It’s ok not to be okay!

By: Umeza Peera

No, we are not talking about the new K-drama! The headline was just to catch your attention to the deeper meaning of this phrase, that it’s really ok to feel sad, depressed and rejected. But is it just the end of the world then? No. Let’s dig deeper.



You all must have seen the movie ‘Dangal’, right? Yes, the one which had Aamir Khan playing the father of the famous Phogat sisters. Well, on Thursday, March 18, Ritika Phogat, a teenger, all of 17 years, and cousin of the celebrated Phogat sisters, reportedly committed suicide after losing the final bout of a wrestling tournament. 

This news was really hard to digest and the one question that comes to mind is - Why? Why did she have to do this? What can be so depressing that cannot be solved and one has to take this extreme step? 

According to Ritika’s family, she was disappointed after losing by one point in the final of a state-level junior wrestling tournament. The young wrestler was a student at the Mahavir Phogat Sports Academy in Charkhi, where she was learning and practicing wrestling. During the first week of May, she was to take her class 12th boards exam. 

Her family never expected Ritika could take such an extreme action, to give up on life? She had her whole life ahead of her to prove herself. Was there anything they could have done to maybe prevent Ritika from thinking that losing a match is not the end of the world and it is okay to fail? After all, failures are the pillars of success.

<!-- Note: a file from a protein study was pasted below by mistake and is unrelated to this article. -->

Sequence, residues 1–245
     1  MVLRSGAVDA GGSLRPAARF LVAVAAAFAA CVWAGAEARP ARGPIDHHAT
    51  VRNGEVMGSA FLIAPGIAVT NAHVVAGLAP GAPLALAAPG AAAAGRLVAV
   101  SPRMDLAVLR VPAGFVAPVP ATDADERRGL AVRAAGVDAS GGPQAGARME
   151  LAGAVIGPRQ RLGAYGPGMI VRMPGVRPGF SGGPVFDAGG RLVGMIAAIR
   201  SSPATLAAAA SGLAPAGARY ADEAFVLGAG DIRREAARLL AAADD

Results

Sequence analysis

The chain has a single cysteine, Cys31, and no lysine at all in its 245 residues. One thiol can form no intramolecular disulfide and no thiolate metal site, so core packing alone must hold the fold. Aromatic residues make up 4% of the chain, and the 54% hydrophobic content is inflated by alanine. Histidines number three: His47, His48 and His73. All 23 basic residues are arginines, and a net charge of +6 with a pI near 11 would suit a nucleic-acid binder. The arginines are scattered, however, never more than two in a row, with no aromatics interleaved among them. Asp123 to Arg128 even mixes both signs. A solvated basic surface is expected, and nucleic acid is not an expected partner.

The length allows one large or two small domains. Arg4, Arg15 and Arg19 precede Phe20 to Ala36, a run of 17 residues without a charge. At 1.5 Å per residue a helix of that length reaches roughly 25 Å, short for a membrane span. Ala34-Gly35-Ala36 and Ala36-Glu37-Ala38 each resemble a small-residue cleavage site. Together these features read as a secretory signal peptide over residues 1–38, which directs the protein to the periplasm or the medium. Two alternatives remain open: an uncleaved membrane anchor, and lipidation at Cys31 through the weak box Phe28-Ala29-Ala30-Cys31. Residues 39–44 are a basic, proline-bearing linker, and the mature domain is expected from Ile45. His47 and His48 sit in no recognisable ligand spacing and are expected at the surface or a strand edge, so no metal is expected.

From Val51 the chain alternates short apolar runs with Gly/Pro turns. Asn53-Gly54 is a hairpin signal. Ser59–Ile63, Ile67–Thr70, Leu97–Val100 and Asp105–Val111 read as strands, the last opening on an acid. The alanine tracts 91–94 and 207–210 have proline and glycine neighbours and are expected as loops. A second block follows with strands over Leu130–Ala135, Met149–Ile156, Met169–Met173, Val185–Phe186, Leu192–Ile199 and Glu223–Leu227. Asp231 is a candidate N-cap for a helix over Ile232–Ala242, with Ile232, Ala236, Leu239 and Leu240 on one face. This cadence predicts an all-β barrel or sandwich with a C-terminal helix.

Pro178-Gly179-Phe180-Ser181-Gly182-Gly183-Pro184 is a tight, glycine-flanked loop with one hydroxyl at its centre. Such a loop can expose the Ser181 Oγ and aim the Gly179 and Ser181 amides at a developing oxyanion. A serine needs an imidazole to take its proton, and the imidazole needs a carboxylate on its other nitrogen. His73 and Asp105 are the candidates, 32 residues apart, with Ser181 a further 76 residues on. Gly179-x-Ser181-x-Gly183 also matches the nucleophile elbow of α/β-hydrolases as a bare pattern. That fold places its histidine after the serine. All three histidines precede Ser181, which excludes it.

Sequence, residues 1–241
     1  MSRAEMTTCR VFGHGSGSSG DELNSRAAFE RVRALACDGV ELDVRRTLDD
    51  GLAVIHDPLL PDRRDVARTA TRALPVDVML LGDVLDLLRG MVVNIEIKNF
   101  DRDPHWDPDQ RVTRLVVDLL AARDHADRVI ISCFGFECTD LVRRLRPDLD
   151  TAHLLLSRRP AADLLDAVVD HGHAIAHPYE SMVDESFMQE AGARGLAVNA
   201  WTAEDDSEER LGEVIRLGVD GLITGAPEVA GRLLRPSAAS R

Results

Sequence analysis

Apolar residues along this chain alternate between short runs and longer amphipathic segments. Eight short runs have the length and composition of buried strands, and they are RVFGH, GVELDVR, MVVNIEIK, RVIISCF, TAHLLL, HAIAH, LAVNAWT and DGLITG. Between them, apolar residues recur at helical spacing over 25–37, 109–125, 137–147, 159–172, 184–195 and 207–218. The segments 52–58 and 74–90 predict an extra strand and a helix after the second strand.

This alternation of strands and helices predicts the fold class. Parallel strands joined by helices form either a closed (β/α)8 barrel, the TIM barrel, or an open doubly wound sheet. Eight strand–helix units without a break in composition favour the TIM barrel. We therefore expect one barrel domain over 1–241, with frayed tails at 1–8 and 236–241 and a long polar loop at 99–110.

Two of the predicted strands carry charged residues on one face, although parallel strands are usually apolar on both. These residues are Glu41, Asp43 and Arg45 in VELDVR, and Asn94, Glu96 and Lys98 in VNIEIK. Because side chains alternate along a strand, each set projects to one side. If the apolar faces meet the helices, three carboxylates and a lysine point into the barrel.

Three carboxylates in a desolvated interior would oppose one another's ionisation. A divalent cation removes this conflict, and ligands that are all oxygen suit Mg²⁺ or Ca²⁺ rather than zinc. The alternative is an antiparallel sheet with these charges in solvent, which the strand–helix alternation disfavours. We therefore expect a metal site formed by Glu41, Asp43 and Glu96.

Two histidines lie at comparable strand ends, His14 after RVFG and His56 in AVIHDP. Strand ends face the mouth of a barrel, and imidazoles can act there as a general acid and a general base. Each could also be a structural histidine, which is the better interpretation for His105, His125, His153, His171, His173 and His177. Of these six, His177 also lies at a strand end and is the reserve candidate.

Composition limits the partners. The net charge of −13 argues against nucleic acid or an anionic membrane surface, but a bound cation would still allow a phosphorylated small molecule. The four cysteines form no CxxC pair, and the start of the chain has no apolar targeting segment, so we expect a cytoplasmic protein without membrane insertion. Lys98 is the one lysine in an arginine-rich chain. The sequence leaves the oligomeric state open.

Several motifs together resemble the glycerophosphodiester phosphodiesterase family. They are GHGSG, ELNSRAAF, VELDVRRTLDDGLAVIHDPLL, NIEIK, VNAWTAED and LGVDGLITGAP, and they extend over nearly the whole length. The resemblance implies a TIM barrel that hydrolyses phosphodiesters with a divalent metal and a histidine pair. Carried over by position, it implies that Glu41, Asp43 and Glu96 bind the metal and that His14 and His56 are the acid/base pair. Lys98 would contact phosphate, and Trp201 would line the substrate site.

Ritikas everywhere 

Ritika is not alone. Everyday we get news reports of teenagers taking these drastic steps because of pressures and stress in their lives. They are always taught to excel in everything and never taught to handle stress and failures. 

This incident also sadly took me back to a time when I saw a friend struggling with depression and suicidal thoughts because her family wanted her to top the class. They kept pushing and comparing her to other students in class. However, due to so much stress, she went blank in the exam and failed. 

Her parents and brother mocked her for failing the exam. She then tried to end her life. Thank God, she was saved but that incident, and countless more, made me realise how important it is to keep a check on people who may be having a hard time in their lives. In other words - we need to prioritize mental health! We need to be taught to accept failures and move on. But what does mental health really mean? 

What is mental health? 

We live in a world where we are constantly judged for our likes, dislikes, actions and behaviour. If someone praises us for our work, achievements or even how we look, we feel happy. But what happens when things don’t work out. We may get bullied or stressed and sometimes even fail in something. Then we feel depressed. 

And how we constantly feel or behave during a certain situation and handle it - decides our mental health. Do we get too emotional, break down and lose control in an extremely difficult situation or do we talk about it, balance our emotions and try to be the best of ourselves?